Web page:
LONDON – Oil is set to be 2016's top market performer, with its near 50 percent gain an outcome few would have predicted when it plunged to a 12-year low in January.
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In a year of shocks, including Britain's vote to leave the European Union and Donald Trump's election as U.S. president, several major assets have been on a rollercoaster.
"(Given) the fragility that markets started the year with and the events that then happened ... it is pretty remarkable how resilient things have been," State Street Global Markets head of macro strategy Michael Metcalfe said.
Crude surged from as low as $27 a barrel to just shy of $58 following two of its worst performing years on record. It dovetailed with large gains from copper
As this graphic - http://reut.rs/1WAiOSC - shows many stocks have not done badly either for investors.
On Wall Street, the S&P 500 and Dow Jones are up 12 and 14 percent, respectively, with gains accelerating after Trump's victory.
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Tokyo's Nikkei <.N225> is 5 percent higher in dollar terms while a 7 percent gain for emerging market stocks will end a poor three-year run.
The dollar has risen for a third straight year, with all its 4.5 percent gains against a basket of major currencies coming since the U.S. election. http://tmsnrt.rs/2egbfVh .
Brexit-battered sterling had the worst year of the FX majors. It has lost 16 percent on the dollar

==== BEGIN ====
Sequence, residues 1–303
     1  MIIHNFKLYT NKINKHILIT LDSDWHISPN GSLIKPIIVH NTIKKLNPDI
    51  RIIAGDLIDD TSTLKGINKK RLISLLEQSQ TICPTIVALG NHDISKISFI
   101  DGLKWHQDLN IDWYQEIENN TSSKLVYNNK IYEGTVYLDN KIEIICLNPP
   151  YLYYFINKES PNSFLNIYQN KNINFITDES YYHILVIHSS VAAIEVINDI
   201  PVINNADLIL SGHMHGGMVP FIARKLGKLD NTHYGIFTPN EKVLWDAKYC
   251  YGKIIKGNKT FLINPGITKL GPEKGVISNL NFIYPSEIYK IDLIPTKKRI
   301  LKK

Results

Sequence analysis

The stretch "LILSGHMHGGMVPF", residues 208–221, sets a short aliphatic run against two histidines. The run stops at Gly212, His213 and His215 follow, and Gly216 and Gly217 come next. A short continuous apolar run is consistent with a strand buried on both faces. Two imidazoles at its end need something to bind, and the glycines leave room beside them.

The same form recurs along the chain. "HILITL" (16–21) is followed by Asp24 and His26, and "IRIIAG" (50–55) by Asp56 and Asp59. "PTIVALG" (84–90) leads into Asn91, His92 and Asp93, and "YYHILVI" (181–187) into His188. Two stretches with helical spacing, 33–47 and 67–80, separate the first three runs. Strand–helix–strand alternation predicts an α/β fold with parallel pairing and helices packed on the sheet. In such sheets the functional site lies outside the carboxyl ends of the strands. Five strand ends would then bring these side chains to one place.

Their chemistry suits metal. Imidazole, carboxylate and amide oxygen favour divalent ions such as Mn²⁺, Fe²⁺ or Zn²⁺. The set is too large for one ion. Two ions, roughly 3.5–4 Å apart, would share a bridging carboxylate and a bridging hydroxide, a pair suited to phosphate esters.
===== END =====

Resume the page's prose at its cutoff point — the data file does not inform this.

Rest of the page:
That's less than the Mexican peso's
London's FTSE has boomed since Brexit, up 18 percent since the June vote, although almost flat on the year.
"Sterling's weakness has been very good for large-cap UK equities and we expect that relationship to hold," said JP Morgan Asset Management global market strategist Mike Bell.
"So we could have that slightly bizarre environment whereby bad news for the UK economy is good news for UK equity market."
Benchmark 10-year U.S. Treasuries
Other fixed income markets have followed. German Bunds
But for the year overall the story looks different. Emerging market dollar and local debt have both earned investors around 9 percent and high-yield bonds have returned over 14 percent.
Analysts at Goldman Sachs say it is the best year since 2009 and has only been bettered 5 times in the past 30 years.
The clear winners though have been commodities and most things linked to them.
Thanks to the stellar gains for metals, Europe's mining firms have soared 60 percent with big names like Anglo American and Glencore up 280 and 200 percent respectively.
At the other end of the table has been one of last year's star performers, Chinese A shares . Tighter regulations and jitters about the China economy and the yuan
And if you thought it has been a bad year for Britain's pound, it's been small change compared to Egypt's pound
(Editing by Jeremy Gaunt)